Take It Personally: The Benefits of Training With A PT
In a recent survey, Runners World Magazine discovered that 47 percent more people have hired personal trainers and nutritionists since this time last year. That’s a big increase, considering most of that year we have been in one form of lockdown or another.
Personal trainers enjoy one of the closest client relationships in any industry; the chances are they see each client for at least an hour every week. It’s that close, involved contact that gets the results is why more and more of us are seeking out the services of a PT.
We spoke with local PT, Kat Parnell, about the benefits to the individual of personal training: “It’s all about having someone to hold you to account. You become part of a team of like-minded people that encourage whatever goal you have set. It means you always have a safety net to rebound back off if the weight of an obstacle feels too heavy. It’s more than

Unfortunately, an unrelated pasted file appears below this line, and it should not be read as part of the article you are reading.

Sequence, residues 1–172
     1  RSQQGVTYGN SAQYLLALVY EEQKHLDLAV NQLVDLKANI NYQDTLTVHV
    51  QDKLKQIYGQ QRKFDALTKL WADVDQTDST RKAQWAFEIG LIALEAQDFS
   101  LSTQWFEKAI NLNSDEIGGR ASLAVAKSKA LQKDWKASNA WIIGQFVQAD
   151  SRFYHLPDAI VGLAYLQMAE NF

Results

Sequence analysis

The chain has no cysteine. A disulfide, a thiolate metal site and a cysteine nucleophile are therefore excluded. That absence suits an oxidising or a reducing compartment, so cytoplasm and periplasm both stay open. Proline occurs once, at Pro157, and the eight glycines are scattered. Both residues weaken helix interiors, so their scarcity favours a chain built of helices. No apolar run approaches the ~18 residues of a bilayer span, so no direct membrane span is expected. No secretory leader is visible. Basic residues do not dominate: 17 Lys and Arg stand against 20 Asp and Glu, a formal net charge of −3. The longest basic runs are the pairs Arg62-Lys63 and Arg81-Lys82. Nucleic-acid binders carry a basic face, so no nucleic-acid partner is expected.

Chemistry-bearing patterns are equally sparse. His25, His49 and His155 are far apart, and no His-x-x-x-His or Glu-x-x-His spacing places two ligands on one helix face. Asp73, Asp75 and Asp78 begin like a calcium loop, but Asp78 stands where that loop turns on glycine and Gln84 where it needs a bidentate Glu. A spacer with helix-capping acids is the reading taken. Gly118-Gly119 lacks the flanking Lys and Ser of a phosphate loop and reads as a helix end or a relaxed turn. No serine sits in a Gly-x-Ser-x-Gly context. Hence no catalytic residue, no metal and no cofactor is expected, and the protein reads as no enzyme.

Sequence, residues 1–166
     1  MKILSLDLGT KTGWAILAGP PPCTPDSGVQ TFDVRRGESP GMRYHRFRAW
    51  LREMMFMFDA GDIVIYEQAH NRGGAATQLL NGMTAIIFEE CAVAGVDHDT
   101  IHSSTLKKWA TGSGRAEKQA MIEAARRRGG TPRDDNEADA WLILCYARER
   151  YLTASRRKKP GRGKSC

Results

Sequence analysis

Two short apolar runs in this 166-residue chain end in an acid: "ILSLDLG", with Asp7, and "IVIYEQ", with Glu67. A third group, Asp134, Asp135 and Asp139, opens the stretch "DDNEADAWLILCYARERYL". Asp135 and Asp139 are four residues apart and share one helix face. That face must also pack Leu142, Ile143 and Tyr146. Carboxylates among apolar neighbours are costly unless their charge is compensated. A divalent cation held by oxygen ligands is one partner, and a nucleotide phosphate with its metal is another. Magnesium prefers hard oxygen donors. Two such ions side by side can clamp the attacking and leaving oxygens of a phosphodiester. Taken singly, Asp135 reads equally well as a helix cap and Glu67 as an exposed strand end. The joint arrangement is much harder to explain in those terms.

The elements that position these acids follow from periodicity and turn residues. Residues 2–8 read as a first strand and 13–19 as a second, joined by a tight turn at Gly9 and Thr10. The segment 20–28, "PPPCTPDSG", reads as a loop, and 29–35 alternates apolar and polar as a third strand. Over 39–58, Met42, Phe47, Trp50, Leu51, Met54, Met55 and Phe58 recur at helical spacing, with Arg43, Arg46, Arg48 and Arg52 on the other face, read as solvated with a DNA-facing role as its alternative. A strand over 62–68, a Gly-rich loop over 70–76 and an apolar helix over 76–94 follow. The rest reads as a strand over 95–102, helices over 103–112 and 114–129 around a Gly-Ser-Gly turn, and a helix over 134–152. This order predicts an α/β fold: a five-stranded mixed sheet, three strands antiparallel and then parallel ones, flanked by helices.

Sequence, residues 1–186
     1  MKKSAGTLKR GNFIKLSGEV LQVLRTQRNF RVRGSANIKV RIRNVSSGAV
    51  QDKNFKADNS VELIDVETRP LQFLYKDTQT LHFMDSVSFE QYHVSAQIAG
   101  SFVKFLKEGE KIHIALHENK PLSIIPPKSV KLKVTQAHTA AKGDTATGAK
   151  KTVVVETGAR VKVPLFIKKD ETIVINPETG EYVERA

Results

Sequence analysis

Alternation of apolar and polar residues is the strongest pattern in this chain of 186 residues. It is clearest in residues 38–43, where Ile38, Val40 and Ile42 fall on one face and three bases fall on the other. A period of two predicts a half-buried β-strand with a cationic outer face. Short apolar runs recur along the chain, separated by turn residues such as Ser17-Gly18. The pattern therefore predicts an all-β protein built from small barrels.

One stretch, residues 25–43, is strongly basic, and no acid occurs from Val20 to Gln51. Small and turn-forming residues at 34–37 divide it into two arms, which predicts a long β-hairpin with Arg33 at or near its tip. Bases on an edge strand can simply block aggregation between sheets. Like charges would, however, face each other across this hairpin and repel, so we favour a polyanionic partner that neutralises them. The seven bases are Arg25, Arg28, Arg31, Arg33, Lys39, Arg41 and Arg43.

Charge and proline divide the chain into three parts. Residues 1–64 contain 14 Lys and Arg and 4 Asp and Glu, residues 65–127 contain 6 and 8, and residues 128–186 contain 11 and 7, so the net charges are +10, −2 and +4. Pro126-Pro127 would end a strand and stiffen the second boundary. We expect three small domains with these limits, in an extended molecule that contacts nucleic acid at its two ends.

just showing you how to lift the weight from A to B or how to put one foot in front of the other.
“It begins and ends in the mind and having a PT will help you understand that you can go fast on your own but you can go
further with them, conditioning an educated response in you that you wouldn’t get to on your own. I’m forever striving to give my clients the best, through continually upping my own physical and mental game to adapt to whatever gets thrown
my way, always learning and maintaining a groundwork that thrives on nothing but optimal performance.”
So how much does a PT cost?
In areas like London, personal trainers can charge up to £200 for a one-to-one session depending on experience, whereas outside the capital some can charge as little as £15 per hour. As a rule of thumb, the average amount a personal trainer in the UK will charge is around £30 an hour.
Kat Parnell is a degree qualified Personal Trainer and Sports Massage Therapist who has worked amongst elite professionals including Ipswich Town Football Club, Colchester United Football Club, athletes and triathletes.